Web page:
Column: Would EPA deregulation help industry? History says otherwise
President-elect Donald Trump has tapped Scott Pruitt, the Oklahoma attorney general, to be administrator of the Environmental Protection Agency. Pruitt has a long history of fighting the agency and has made no secret of his determination to gut it.
Before he goes too far, however, he should recall the 1983 downfall of one of his Republican predecessors: Anne Gorsuch Burford, whom President Ronald Reagan appointed administrator with the express purpose of weakening if not destroying the agency. In her first year, she cut the budget 22 percent, reduced clean air and water regulations, accelerated federal approval of poisonous insecticides, and more. After only 22 months in office, Congress – Republicans and Democrats both – dumped her. She was forced to resign after she was cited for contempt by Congress for refusing to hand over Superfund records, arguing that they were protected by executive privilege.
What some may find surprising and, perhaps, a hint of things to come: the charge against Burford was led by the nation’s largest chemical companies, which had suffered a series of devastating explosions, leaks and toxic releases. Under the brilliant leadership of Irving Shapiro, CEO of DuPont, the industry came to realize that it needed standards and rules rigorously enforced. The companies realized that such procedures were essential not only to protect the communities in which they operated, but to protect themselves from being undercut by fly-by-night polluters. In October 1981, the industry’s own journal, Chemical Week, reprimanded Burford, writing that “an ineffective EPA is not what the industry needs.” Indeed, the industry had supported the landmark Toxic Substances Control Act and provided experts to work in EPA to help create an effective regulatory framework.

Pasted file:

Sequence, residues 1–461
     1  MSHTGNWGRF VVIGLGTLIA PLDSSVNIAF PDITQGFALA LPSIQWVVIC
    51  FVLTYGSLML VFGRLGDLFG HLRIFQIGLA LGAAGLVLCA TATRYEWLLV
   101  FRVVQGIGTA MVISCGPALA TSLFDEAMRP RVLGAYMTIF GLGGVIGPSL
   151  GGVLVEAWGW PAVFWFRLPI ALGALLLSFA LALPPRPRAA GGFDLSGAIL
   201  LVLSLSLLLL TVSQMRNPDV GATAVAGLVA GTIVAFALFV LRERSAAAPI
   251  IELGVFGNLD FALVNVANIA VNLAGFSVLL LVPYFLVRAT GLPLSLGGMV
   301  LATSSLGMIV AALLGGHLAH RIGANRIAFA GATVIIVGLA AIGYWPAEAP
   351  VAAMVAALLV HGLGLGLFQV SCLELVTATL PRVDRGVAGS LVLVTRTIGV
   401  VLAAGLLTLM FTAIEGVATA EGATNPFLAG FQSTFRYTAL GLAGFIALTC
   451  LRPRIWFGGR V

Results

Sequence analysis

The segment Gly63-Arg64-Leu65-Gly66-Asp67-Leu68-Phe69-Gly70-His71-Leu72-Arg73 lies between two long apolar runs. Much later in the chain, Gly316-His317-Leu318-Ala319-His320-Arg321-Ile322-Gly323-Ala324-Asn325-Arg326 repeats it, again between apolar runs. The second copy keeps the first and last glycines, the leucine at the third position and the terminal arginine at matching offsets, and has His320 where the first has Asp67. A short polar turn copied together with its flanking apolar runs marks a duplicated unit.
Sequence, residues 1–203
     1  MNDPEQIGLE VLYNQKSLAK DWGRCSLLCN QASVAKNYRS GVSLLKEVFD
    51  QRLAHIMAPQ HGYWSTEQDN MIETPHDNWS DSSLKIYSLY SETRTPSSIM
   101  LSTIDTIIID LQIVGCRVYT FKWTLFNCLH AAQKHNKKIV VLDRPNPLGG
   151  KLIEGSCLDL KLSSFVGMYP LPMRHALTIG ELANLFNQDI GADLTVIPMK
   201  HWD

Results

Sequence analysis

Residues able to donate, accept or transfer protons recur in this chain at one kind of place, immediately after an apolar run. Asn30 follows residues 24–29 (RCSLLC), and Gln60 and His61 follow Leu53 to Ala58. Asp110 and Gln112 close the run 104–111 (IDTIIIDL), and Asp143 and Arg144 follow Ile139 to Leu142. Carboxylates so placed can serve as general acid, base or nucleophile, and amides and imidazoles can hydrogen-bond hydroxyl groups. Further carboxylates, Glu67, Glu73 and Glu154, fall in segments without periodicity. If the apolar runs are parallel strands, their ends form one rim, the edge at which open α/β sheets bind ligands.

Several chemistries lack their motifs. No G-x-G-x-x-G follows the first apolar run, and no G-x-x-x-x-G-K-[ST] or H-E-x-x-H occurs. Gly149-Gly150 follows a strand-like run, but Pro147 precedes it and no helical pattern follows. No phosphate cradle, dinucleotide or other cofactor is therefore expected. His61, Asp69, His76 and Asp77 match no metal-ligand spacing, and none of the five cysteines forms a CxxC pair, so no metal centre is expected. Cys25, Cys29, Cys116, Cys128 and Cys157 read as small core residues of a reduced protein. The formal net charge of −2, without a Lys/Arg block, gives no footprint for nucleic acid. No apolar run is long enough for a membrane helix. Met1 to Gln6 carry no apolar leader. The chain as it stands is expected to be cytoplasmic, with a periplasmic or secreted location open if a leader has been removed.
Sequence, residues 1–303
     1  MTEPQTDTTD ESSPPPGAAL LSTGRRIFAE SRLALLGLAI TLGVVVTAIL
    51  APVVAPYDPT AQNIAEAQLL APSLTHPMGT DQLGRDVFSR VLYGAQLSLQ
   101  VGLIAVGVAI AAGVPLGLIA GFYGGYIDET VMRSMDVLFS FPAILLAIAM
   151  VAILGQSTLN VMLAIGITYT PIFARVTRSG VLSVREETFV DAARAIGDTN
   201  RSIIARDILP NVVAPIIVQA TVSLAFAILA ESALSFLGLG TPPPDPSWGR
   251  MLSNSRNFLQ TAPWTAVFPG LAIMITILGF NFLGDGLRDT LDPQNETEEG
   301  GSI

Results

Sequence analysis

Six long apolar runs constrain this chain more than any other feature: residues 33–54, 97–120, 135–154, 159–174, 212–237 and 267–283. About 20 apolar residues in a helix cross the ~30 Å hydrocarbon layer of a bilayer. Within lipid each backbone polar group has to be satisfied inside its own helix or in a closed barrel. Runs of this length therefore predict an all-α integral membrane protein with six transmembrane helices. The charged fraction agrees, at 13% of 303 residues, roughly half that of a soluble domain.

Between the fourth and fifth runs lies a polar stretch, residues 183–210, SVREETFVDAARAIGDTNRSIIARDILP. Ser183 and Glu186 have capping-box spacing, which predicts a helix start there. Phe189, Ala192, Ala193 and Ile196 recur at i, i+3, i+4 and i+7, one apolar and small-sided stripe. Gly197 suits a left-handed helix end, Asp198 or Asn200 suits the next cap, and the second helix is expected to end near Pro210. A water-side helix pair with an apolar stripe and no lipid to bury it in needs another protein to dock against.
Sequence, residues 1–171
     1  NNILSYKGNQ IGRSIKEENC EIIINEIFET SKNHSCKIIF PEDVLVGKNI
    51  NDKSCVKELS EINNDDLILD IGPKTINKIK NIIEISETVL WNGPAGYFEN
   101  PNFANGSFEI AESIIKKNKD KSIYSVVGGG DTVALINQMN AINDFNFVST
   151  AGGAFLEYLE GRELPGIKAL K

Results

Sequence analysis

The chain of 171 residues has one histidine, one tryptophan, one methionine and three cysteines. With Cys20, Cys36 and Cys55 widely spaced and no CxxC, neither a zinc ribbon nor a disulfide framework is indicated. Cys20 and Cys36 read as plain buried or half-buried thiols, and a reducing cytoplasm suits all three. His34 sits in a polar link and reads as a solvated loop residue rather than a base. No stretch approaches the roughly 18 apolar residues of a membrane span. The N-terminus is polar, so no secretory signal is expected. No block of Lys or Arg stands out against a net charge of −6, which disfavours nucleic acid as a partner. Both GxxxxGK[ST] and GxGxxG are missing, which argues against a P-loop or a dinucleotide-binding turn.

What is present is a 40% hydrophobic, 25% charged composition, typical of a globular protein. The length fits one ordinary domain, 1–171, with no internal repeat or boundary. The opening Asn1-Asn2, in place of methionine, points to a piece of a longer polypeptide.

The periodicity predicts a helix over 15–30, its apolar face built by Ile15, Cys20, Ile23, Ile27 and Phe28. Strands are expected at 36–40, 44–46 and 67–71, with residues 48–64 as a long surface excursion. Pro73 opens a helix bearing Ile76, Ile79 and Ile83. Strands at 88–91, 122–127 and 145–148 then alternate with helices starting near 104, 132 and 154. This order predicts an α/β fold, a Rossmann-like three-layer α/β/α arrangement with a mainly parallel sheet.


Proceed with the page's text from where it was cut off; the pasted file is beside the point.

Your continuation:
It is a truism often forgotten: Industries need regulation — for their own protection and profitability. Just look at professional sports. Every successful league imposes restrictions on itself, most notably a salary cap, so that team owners are prevented (or at least discouraged) from expensive, possibly even ruinous, bidding wars for top players.
Or think of the financial crisis of 2008, brought on by licentious lending, itself triggered by the removal of regulatory restraints. Lehman Brothers would probably still be in business. So too Bear Stearns. But far more important, a disastrous downturn in the U.S. and even world economy could have been avoided.
It’s reasonable to suppose that even if Donald Trump discovers he doesn’t much like being president, he won’t want to lose in 2020. But a rash of environmental disasters could well catalyze a backlash against wanton deregulation, as it has in the past. As for Scott Pruitt, the disastrous career of Anne Gorsuch Burford should give him pause.